Experts warn of confusion over Covid jabs for children

Experts warn of confusion over Covid jabs for children that risks causing ‘uncertainty’ among parents

  • Prof Anthony Harnden acknowledged inconsistent advice will cause ‘hesitation’
  • Deputy chairman of JCVI said it was important parents were ‘properly informed’
  • UK’s four chief medical officers gave expanded rollout the go-ahead on Monday 
  • But the JCVI had previously said benefits were too marginal to justify the move 

Confusion over jabs for children deepened last night as experts admitted the issue was a ‘grey area’ that will cause ‘uncertainty’ among parents.

Professor Anthony Harnden said the decision over whether to offer the vaccine to 12 to 15-year-olds ‘isn’t black and white’ – and acknowledged that inconsistent advice on the benefits and risks will cause ‘uncertainty, hesitation and debate’ among families.

The deputy chairman of the Joint Committee on Vaccination and Immunisation (JCVI) said it was important parents were ‘properly informed’ and that their decision should be respected. 

The UK’s four chief medical officers gave the expanded rollout the go-ahead on Monday, but the JCVI had previously said the benefits were too marginal to justify the move.

Confusion over jabs for children deepened last night as experts admitted the issue was a ‘grey area’ that will cause ‘uncertainty’ among parents (pictured: a 14-year-old receives his first dose of the Covid-19 vaccine at the Citywest vaccination centre in Dublin on August 14)

Ministers have accepted the medical officers’ advice that there are additional benefits from preventing disruption to education – factors the JCVI had not considered.

Professor Harnden’s comments came as a row over parental consent intensified, with Tory former minister Robert Halfon describing it as a ‘vexed issue’. Parents will be asked to give permission for their child to be vaccinated at school, but pupils could over-rule that if health workers consider them competent.

Professor Harnden said there will be a ‘grade of competency’ based on age when considering whether a child’s decision to take the vaccine against a parent’s wishes can be honoured.

Asked if he would feel comfortable about a 12-year-old child taking up an offer of a vaccine if their parents had not consented, he told the BBC Today Programme: ‘I wouldn’t feel comfortable about that.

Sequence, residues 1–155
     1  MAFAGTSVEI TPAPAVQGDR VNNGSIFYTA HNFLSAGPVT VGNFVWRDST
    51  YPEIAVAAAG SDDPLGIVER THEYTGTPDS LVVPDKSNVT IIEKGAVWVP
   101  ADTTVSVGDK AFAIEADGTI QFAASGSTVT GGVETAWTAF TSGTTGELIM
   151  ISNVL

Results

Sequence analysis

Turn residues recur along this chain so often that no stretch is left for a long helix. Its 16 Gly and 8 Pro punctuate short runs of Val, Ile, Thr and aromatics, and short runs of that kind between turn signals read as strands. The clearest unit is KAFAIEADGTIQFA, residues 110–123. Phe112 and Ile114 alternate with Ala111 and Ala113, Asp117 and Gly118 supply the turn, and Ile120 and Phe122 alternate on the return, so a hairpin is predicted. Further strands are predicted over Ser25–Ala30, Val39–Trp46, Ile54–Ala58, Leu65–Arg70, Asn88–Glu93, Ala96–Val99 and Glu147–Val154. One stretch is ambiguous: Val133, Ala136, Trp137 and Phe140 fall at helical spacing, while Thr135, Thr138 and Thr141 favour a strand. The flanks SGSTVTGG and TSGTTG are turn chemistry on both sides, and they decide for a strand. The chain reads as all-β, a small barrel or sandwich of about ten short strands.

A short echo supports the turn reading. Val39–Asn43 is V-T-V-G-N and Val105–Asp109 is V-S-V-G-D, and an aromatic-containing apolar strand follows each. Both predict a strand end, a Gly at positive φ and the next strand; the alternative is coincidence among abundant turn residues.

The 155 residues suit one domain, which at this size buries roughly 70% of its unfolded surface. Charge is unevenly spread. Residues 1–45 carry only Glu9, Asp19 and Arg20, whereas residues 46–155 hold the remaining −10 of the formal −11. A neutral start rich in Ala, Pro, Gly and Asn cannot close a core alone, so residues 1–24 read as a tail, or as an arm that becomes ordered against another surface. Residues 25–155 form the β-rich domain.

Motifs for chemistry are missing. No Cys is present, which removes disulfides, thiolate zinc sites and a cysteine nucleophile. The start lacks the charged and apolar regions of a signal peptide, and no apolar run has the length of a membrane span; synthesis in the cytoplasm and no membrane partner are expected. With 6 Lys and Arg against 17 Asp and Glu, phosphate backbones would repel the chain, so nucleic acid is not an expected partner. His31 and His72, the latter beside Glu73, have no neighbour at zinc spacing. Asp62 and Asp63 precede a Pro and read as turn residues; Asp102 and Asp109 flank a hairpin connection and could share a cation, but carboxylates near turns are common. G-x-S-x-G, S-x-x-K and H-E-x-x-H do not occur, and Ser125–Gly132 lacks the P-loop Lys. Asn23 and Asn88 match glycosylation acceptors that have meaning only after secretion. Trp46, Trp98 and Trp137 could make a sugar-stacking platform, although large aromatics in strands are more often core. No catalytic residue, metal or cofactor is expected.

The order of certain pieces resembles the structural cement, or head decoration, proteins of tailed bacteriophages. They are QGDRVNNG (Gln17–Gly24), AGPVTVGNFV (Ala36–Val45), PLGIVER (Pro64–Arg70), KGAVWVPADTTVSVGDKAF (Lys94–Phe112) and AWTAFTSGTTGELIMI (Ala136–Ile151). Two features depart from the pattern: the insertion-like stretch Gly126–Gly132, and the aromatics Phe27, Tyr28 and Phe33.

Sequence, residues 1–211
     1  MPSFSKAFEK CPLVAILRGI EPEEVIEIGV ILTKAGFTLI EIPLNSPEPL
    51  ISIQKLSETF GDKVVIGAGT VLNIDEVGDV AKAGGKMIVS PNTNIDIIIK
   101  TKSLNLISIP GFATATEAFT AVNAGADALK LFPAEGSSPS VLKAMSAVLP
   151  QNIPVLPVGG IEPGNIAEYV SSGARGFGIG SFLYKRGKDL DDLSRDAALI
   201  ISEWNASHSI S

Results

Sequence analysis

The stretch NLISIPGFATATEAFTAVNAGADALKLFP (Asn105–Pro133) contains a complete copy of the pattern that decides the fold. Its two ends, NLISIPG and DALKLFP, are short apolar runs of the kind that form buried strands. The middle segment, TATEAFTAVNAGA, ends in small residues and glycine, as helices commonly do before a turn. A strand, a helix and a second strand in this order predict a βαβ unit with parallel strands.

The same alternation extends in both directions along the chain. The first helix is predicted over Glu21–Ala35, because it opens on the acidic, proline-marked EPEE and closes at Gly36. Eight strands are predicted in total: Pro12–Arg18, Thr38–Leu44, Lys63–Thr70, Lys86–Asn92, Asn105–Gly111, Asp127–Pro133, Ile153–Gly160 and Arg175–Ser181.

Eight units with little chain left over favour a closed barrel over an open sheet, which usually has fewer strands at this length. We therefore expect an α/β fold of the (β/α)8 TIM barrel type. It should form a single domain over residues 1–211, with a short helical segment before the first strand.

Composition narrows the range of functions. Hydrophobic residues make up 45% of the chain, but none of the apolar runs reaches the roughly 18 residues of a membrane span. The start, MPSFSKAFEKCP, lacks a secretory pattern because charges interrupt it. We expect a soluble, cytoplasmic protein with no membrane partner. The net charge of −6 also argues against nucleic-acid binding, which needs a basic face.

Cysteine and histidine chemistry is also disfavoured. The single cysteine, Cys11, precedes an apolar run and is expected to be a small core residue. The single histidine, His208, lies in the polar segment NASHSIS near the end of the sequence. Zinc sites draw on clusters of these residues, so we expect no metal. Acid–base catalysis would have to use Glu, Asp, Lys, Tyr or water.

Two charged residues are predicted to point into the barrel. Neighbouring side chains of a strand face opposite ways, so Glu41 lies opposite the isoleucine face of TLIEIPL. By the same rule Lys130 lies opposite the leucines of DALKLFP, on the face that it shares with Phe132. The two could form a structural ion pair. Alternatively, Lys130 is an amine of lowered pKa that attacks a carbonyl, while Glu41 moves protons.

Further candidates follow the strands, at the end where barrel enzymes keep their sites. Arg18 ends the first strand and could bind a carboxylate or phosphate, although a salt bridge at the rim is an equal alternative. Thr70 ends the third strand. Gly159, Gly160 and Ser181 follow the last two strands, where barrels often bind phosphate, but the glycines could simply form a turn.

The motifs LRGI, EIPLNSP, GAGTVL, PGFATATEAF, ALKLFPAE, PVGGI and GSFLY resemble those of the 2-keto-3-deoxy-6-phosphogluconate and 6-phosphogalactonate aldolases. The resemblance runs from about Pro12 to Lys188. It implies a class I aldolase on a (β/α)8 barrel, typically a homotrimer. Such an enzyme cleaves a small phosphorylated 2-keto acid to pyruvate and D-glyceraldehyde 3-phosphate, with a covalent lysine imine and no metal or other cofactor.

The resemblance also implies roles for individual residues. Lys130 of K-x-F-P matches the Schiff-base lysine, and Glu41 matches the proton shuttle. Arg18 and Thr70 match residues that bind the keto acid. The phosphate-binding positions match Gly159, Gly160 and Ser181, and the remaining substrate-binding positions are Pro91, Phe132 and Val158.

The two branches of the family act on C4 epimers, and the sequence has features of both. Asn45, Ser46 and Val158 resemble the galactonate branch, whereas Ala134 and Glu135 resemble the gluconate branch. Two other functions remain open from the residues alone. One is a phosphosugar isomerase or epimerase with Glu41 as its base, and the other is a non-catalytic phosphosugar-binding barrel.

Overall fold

‘We have to be really careful that we go by the law, and the law clearly states that the child and parent should try to come to an agreed conclusion.

‘But that if the child wants to go ahead or doesn’t want to go ahead and the parent feels absolutely the opposite, then the clinician involved in administering the vaccine needs to be absolutely sure that the child is competent to make that decision.’

Professor Anthony Harnden (pictured above, in February this year), the deputy chairman of the Joint Committee on Vaccination and Immunisation (JCVI), said the decision over whether to offer the vaccine to 12 to 15-year-olds ‘isn’t black and white’

It came as headteachers said they were being threatened by pressure groups with fines of up to £20 million or even jail if they took part in the vaccination programme.

They have been targeted with letters by anti-vax campaigners and lawyers who object to vaccinating children against Covid. School leaders said the letters claimed they may be held ‘personally liable’ if a pupil suffers ‘harm, injury or loss’ as a result of vaccination.

One letter from a ‘group of concerned parents’ says ‘you have been made aware that death or other serious injuries are possible outcomes for pupils taking the Covid-19 experimental vaccinations and you are accepting responsibility for any injuries/deaths that result.’

The Association of School and College Leaders (ASCL) has asked the Department for Education to reassure school staff they cannot be held personally liable for any problems arising from the vaccinations.

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